According to latest reports, the world debt load has reached an all-time record high of $164 trillion, which could make it harder for countries to respond to the future recession. Vitor Gaspar, head of the International Monetary Fund (IMF) fiscal affairs department, said in an interview, “One hundred and sixty-four trillion is a huge number. When we talk about the risks looming on the horizon, one of the risks has to do with the high level of public and private debt,” reported Bloomberg.
On Wednesday, in its semi-annual Fiscal Monitor report, IMF said the global public and private debt increased to 225% of global gross domestic product in 2016. According to the Washington-based fund, the previous peak was in 2009. As per The Economic Times, the world debt burden clouded the IMF’s otherwise positive outlook of the world economy, which is in its strongest upswing since 2011. On Tuesday, IMF forecast expansion of 3.9% by 2018 and 2019, while in subsequent years the global economy could be affected due to tighter monetary policy and the decreasing US fiscal stimulus.
According to IMF, a fifth of emerging markets and middle-income countries had debt levels above 70% of GDP, led by Brazil at 84% and India at 70.2%. In China, gross government debt stood at 47.8% last year. More than one-third of advanced economies had debt-to-GDP levels above 85%, three times more nations than in 2000. Among them, at 236%, Japan had the highest debt-to-GDP level last year, with Italy at 132% coming in second and the US at 108 %i placing third.
IMF suggests countries should take decisive action to rebuild their fiscal buffers so they can afford to increase spending during hard times. The fund urged the US, whose budget deficit is expected to surpass $1 trillion by 2020, to “recalibrate” its fiscal policy so government debt-to-GDP levels decline over the medium term. In its opinion, the combination of last year’s tax cuts and increased government spending in a recent US budget deal will benefit all income groups. IMF pointed out that those in the top one-fifth of incomes would benefit the most, followed by those in the bottom one-fifth.As a result, the measures may contribute to the further deterioration of middle-class incomes, it said.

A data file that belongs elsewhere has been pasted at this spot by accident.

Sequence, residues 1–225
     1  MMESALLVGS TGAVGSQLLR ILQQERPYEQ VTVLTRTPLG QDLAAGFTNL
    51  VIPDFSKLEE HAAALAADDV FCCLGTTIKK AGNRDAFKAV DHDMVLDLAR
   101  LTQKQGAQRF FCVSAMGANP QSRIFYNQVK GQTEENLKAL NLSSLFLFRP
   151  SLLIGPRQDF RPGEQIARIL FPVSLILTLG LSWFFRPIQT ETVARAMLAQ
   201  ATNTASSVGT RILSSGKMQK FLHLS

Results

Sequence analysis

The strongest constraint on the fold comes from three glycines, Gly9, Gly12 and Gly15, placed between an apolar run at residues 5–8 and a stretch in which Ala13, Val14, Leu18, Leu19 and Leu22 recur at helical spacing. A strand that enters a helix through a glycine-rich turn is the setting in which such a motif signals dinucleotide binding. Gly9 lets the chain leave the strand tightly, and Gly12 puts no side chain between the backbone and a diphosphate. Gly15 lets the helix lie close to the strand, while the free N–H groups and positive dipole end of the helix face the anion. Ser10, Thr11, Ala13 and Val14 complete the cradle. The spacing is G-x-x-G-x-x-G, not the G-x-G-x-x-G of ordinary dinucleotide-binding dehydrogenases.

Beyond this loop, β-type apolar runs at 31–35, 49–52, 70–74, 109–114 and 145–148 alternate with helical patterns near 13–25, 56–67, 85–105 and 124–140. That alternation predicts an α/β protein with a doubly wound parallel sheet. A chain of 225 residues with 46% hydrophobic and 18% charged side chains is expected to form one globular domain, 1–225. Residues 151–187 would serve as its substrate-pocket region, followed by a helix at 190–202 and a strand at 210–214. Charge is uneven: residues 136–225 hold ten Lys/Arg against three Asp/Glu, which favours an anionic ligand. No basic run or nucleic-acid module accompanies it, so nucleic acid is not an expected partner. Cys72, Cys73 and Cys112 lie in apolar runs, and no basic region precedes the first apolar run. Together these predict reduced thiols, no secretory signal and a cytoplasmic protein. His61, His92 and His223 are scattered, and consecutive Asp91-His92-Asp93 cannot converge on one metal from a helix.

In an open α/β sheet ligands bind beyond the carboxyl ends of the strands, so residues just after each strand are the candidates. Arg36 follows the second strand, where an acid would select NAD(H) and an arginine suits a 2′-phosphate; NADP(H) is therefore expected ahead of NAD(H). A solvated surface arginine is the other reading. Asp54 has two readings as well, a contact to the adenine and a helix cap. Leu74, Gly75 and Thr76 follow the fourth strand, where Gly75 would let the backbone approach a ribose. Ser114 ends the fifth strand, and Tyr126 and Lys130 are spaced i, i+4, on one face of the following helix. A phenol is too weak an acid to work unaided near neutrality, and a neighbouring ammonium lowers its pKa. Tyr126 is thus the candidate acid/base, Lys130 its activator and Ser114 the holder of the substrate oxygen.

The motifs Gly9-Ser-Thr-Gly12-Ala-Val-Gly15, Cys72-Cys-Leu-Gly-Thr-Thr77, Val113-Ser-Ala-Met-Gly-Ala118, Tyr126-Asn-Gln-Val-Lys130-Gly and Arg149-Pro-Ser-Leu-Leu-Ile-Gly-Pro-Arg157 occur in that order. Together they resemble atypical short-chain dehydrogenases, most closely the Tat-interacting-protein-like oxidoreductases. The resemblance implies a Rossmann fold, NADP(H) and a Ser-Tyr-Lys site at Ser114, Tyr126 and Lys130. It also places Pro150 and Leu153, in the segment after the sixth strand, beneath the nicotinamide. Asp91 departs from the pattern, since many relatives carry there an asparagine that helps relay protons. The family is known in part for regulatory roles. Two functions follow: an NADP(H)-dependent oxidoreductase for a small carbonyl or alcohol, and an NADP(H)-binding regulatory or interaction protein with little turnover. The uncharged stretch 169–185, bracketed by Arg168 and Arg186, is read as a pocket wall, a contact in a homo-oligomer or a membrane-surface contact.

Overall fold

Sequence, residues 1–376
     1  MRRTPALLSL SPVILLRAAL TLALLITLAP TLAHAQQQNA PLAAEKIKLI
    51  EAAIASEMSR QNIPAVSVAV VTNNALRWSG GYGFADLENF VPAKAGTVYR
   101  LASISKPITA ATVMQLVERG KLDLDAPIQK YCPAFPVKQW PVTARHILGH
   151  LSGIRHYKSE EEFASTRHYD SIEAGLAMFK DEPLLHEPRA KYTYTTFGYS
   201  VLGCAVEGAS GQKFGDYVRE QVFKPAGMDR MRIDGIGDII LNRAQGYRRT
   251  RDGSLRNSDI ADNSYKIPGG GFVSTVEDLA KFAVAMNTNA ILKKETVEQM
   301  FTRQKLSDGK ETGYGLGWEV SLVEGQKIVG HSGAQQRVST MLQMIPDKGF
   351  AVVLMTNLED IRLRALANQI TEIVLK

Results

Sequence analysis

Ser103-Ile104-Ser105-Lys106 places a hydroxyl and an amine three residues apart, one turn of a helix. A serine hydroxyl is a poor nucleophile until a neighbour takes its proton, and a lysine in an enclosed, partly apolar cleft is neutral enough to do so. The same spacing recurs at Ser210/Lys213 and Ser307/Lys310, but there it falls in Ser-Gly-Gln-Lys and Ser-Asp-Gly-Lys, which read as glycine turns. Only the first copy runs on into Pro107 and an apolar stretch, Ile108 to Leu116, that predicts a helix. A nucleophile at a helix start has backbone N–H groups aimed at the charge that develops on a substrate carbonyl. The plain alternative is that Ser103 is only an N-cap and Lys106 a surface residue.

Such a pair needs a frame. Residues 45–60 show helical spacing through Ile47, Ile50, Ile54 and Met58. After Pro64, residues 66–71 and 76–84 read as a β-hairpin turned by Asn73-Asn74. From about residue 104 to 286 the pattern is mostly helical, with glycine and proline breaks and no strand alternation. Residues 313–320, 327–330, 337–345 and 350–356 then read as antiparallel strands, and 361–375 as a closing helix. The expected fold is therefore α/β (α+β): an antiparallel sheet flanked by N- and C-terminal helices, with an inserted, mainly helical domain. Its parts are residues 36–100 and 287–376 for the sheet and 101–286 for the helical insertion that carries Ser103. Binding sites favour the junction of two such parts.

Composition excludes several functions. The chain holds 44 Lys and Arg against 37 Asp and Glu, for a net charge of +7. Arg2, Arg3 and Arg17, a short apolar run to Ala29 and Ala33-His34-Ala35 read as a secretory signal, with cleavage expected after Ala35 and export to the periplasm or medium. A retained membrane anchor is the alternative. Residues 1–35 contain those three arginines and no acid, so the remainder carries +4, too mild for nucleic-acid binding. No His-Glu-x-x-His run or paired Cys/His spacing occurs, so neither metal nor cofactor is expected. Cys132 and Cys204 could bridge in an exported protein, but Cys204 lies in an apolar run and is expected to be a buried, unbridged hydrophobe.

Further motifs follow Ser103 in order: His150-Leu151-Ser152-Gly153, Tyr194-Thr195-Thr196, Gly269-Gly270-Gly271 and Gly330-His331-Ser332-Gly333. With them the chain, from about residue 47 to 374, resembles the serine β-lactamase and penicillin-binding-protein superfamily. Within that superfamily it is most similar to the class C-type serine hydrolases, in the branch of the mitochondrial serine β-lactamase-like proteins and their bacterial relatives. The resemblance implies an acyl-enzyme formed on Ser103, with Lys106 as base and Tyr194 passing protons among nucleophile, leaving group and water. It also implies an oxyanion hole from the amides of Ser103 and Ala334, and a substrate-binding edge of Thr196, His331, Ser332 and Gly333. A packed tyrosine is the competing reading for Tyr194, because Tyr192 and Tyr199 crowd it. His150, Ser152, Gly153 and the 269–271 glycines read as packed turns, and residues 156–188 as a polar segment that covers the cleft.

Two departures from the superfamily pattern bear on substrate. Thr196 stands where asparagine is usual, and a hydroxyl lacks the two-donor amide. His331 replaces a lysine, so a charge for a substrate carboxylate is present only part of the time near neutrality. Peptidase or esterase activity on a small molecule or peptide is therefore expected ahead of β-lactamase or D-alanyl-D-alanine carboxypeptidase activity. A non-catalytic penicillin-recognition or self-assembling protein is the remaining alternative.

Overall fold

A number of low-income countries have racked up so much debt over the last five years, there is now high chance of them not being able to pay it back, which will have potentially devastating consequences not only to their economies but also their citizens, a majority of whom are already living in poverty.
In an interview to NPR, Masood Ahmed, former director of IMF, current president of Washington DC think tank Center for Global Development, says it’s clear some kind of debt restructuring and forgiveness is going to be needed. It will require getting all the creditors to the table to agree on the terms, which is is not an easy thing to do. According to him, it is essential to bring in China and let it play a leadership role.To understand how far and how fast has this problem spread, Ahmed explains that out of the 59 countries the IMF classifies as “low-income developing countries,” 24 are now either in a debt crisis or at high risk of tipping into one. “That’s 40 percent of poor countries,” says Ahmed, “and it’s nearly double the number five years ago.”
According to him, while the amount of debt involved may be crippling to poor countries, for the global economy it’s just a drop in the bucket. In his opinion the current debt crisis is not going to cause a global financial meltdown. So unlike the usual debtors in such financial crisis who benefit from being too big to fail, these nations could find out they are too poor to be able to bail themselves out.